There’s nowhere like New York City when it comes to dining options, casual food to fine dining and everything in between. And one of those classic “in-betweens” is the New York deli, an institution that is embedded in popular culture and loved by natives and visitors alike. A trip to a NYC deli is something that should not be missed, and here are a few of New York's best delis to put on your must-eat-at list. A couple of house rules you should know, though, before venturing into deli world in this town: sandwiches are insanely big, and can often feed two, or even three. Don't be put off by gruff waiters or curt service: it comes with the territory and is part of the charm of a genuine deli. Expect cole slaw and pickles to accompany your plate, or be served ahead of your meal, and don't ignore them: in classic Jewish delis, they are, to some, the best part of the meal! Finally, a “bagel with a schmear” simply means a generous dollop of cream cheese.
Often, visitors crave dishes made famous in iconic New York City movies and TV shows. “I’ll have what she’s having,” trills the woman sitting next to Meg Ryan at Katz’s Delicatessen (205 E. Houston St., New York, 212.254.2246) in When Harry Met Sally (see our guide to New York restaurants which appeared in the movies). So, if you make your way to this historic deli, what will you be having? What gets my vote is the oversize hot pastrami sandwich, served on rye bread, with a little mustard or Russian dressing. Have a side of juicy pickles with it for the full experience. The corned beef is equally ambrosial, and both hearken back to Katz’s opening in 1888.
Zabar’s (2245 Broadway, New York, 212.787.2000) is the spot when it comes to what we call “appetizing.” Start with a tasting at the smoked fish counter, sampling Scotch-cured salmon or a piece of smoked whitefish. At Zabar’s Café next door, enjoy a bagel with Nova and a schmear (of cream cheese) in a sit-down setting: Try and grab a table by the window, where you can happily munch away while people-watching.
The Carnegie Deli
The Carnegie Deli (854 Seventh Ave., New York, 212.757.2245), near (you guessed it) Carnegie Hall, is world-famous for its Reuben sandwich. For $27.99, you get an open-faced sandwich with a staggering amount of corned beef, pastrami or turkey, melted Swiss cheese and sauerkraut. The price is steep, but the sandwich will fill you up for the day.
Barney Greengrass (541 Amsterdam Ave., New York, 212.724.4707) does lox like no other. Sit down with a cup of java and any kind of lox and cream cheese sandwich, made from one of their chewy, exquisite bagels and watch the mania: Barney Greengrass gets chaotic on the weekends, when the Upper West Siders, on holiday from their day jobs, cram into this enormously popular spot for their whitefish or smoked salmon bagels with a “schmear.”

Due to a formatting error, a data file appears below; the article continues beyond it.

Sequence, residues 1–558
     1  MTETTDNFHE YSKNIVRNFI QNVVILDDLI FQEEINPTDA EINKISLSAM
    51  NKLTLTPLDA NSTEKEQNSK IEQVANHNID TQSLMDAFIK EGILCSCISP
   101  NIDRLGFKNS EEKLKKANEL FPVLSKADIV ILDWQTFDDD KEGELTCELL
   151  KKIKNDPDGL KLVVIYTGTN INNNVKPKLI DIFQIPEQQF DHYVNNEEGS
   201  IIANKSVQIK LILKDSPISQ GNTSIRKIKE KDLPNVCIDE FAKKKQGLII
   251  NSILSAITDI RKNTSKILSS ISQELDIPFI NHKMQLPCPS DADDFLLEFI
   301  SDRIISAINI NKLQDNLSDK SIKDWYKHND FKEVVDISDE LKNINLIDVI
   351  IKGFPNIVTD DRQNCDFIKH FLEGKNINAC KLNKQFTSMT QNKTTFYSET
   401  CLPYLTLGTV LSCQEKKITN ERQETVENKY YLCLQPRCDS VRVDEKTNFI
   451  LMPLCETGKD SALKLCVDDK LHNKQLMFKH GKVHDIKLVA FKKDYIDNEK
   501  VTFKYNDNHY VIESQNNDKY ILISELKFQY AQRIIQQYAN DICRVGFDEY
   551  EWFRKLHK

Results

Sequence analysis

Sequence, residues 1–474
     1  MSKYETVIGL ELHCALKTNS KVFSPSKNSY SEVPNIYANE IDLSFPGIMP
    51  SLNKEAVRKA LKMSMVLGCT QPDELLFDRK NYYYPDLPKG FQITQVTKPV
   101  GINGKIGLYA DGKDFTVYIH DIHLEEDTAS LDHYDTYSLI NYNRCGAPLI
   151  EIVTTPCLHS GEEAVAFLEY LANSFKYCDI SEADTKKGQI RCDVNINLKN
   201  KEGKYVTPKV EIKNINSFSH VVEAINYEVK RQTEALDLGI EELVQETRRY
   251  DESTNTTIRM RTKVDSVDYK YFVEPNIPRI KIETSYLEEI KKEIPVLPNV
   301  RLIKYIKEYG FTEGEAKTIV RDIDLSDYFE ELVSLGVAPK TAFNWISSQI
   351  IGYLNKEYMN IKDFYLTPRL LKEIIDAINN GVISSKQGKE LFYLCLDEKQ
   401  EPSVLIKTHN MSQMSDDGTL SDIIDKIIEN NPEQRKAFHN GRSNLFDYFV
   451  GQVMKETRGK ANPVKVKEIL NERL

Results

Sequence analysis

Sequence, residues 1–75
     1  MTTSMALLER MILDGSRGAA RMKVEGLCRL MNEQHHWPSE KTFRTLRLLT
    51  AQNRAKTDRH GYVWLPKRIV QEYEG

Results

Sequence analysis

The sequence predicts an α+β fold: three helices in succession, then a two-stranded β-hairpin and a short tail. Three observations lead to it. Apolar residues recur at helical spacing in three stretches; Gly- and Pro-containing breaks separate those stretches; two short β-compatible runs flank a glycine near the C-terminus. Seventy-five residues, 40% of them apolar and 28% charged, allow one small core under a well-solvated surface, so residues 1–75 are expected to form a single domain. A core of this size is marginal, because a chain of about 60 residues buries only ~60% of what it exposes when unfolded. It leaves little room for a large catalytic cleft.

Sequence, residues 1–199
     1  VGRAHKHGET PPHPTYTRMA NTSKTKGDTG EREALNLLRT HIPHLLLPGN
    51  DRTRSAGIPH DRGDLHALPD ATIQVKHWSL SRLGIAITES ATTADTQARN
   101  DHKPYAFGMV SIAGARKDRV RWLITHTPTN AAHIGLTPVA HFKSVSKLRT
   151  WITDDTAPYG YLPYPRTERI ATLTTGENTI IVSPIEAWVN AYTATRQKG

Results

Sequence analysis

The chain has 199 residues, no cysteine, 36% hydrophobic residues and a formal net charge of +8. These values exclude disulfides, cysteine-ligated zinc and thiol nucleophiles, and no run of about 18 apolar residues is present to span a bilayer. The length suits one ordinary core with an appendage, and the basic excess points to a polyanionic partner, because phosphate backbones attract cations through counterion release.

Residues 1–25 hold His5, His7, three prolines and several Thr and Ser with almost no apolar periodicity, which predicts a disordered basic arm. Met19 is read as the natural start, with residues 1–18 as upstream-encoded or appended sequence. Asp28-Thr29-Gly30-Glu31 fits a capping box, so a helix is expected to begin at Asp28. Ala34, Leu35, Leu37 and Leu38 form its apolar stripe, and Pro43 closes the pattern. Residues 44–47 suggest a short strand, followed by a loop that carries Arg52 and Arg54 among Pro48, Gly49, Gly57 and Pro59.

2nd Avenue Deli
The 2nd Avenue Deli started out on the Lower East Side, and is now housed on 33rd Street (162 E. 33rd St., 212.689.9000) but still retains its old school Jewish sensibility. Munch on a huge sour or half-sour pickle and order a thinly-sliced and pepper-flavored pastrami on rye sandwich. If you are feeling unusually hungry (or sickly), pair it with the restaurant's wonderful matzo ball soup (Jewish penicillin!).
Though the original is housed in Brooklyn (386 Flatbush Ave. Ext., 718.852.5257), Junior’s in the Theater District (1515 Broadway, 212.302.2000) is great, not only for its classic deli sandwiches (fresh brisket of beef, turkey and pastrami, corned beef and pastrami) and its legendary cheesecake, but a best bet for theatrical celeb-spotting. Try to get a table by the window that faces the stage door of The Booth Theatre: if you eat late enough, you can catch luminaries from whatever show is currently playing come out of the theater.
Sarge’s (548 Third Ave., 212.679.0442), a comfortable Murray Hill restaurant “proudly serving since 1964” offers a diner-style menu, but do not be fooled: this is no diner, this is a classic NYC deli, where you would be doing yourself a disservice if you did not order one of their oversized sandwiches (ordered by number) like their turkey, tongue and swiss, with cole slaw and Russian dressing. Mmm, mmm good!
Ben’s Kosher Deli
Ben’s Kosher Deli (209 W. 38th St., 212.398.2367), with outposts in Queens, Long Island, Scarsdale and Florida, serves traditional deli food from way back to the turn of the 20th century: here you can find stuffed derma, chopped liver and fried kreplach with sautéed onions, kashe varnishkes and even knishes baked on premises. All the classic sandwiches are offered as well, of course, along with the option to build your own!
Mile End Sandwich Shop
The Downtown Mile End Sandwich Shop (53 Bond St., 212.529.2990) has become a favorite of the hipster set. The restaurant combines old world deli classics with new world cuisine: fried Brussels sprouts, for example, come with “schmaltz dijon vinaigrette” and a smoked meat burger comes with a fried egg on top. There are also, of course, the comforting standards: a “grandpa” will get you smoked turkey, pickles and mustard on rye, or try a classic reuben: turkey or corned beef with swiss cheese, sauerkraut and Russian dressing on pumpernickel bread. If you are going with a group, the mile end platter (smoked meat, smoked turkey, potato salad, chopped liver, pickle, slaw and rye) is strongly recommended: all meats are smoked on premises.